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To further confirm the above data, PARP cleavage, another marker for apoptosis, was determined by western blot. As shown in Figure 2B, PARP cleavage was slightly or moderately induced by GA or CDDP as single agents, and then simultaneous administration or the sequence of GA followed by CDDP in three NSCLC cell lines, whereas the sequence of CDDP followed by GA resulted in an obvious cleavage of PARP. Taken together, these results are well conformed to the MTT data, suggesting that the synergism of CDDP followed by GA might be executed via apoptosis-inducing action in NSCLC cells. The A549 and NCI-H460 cell lines were selected for the next experiments, due to their sensitivity to CDDP- plus GA-induced apoptosis and the representative to different NSCLC subtypes (A549 from adenocarcinoma and NCI-H460 from large-cell carcinoma).

The sequential combination of CDDP and GA induced an enhancement of apoptosis in caspases-dependent pathway

As apoptosis is usually associated with the activation of the caspase cascade, we further investigated the involvement of caspases in combined treatment-induced apoptosis. First, we determined caspase-3, which is known to be a key effector caspase in various forms of apoptosis that degrades several cellular proteins (Crawford and Wells, 2011). After 24h treatment, the sequential combination of CDDP and GA could cause an obvious cleavage of procaspase-3 when compared with GA or CDDP monotreatment in A549 and NCI-H460 cells (Figure 3). Furthermore, the activities of initiator caspase (caspase-8 and -9) were also investigated. As shown in Figure 3, the sequential combination led to an enhanced cleavage of procaspase-8 when compared with GA or CDDP monotreatment in A549 and NCI-H460 cells. Similarly, the cleavages of caspase-9 were obviously increased after treatment with CDDP and GA. Taken together, these results indicate that the sequential combination of CDDP and GA induces cell death by stimulating caspase-dependent apoptotic pathways.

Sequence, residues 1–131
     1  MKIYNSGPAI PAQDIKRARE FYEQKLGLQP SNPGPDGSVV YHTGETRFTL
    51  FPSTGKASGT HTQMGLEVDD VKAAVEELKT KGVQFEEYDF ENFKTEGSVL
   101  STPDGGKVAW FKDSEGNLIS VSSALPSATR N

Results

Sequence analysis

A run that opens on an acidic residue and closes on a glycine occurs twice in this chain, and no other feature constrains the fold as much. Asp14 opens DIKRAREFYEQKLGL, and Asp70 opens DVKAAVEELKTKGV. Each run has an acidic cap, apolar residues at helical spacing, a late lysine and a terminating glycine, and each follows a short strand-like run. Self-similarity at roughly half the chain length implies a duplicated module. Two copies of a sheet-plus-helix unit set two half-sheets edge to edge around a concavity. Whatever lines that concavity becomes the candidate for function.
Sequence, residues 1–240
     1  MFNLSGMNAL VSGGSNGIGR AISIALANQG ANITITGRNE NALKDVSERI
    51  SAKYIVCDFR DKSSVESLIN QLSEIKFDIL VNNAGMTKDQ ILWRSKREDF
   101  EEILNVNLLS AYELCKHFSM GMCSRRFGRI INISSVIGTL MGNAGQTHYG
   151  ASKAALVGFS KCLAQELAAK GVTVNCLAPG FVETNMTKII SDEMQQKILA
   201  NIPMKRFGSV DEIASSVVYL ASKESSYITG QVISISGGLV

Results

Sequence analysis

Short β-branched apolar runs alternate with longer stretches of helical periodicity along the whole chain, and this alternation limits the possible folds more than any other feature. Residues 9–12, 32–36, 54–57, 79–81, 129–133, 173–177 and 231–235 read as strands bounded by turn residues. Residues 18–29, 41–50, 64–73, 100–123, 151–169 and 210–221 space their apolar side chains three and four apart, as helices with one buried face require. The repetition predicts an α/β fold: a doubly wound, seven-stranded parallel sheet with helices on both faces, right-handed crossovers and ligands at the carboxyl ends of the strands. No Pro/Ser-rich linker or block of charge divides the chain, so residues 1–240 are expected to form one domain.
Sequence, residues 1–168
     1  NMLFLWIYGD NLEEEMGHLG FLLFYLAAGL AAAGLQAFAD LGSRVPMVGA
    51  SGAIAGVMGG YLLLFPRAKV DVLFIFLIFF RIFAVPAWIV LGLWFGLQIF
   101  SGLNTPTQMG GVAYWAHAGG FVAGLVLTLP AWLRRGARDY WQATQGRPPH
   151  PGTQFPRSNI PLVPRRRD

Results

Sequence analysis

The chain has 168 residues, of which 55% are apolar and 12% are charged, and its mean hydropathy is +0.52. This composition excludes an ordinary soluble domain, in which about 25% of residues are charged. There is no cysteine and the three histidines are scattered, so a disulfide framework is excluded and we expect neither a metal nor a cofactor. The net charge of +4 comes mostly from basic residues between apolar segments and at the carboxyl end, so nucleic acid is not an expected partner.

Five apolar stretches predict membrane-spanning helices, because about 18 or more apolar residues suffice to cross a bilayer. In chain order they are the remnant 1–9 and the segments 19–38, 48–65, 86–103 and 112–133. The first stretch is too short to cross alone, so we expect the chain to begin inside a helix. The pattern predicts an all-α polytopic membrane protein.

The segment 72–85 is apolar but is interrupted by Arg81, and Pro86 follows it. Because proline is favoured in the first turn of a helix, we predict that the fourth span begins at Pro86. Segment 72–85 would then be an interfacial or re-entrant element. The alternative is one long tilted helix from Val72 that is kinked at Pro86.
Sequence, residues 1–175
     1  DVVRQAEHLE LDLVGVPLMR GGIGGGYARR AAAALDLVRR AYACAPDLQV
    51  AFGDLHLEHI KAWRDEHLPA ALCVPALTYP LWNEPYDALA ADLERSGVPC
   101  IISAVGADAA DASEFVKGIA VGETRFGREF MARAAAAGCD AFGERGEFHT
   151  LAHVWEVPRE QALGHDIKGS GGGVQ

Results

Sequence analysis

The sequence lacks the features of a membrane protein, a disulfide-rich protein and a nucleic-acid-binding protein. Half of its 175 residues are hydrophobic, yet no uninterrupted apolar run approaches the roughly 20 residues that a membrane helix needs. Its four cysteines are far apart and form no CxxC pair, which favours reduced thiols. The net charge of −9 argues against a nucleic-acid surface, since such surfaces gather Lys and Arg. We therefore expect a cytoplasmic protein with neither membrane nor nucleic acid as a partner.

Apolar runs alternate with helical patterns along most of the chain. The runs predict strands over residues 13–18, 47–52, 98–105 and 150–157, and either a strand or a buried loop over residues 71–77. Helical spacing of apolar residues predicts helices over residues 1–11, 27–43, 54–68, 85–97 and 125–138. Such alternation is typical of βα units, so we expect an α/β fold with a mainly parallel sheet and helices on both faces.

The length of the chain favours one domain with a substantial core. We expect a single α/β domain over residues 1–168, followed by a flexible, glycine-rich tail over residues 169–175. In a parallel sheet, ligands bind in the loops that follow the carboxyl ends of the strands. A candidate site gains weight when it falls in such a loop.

Figure 3.
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The sequential combination of CDDP and GA induced an enhancement of apoptosis in caspase-dependent pathway. A549 and NCI-H460 cells were treated with dimethyl sulphoxide (DMSO) control, CDDP, GA, or sequential combination (CDDPGA) as mentioned above. Then, protein extracts were immunoblotted with the specified antibodies against caspase-8, caspase-9, and caspase-3. Activation levels of caspases (cleavage bands) were determined. Mean±s.d. for three replicate determinations.

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The effects of the sequential combination of CDDP and GA on apoptosis-related proteins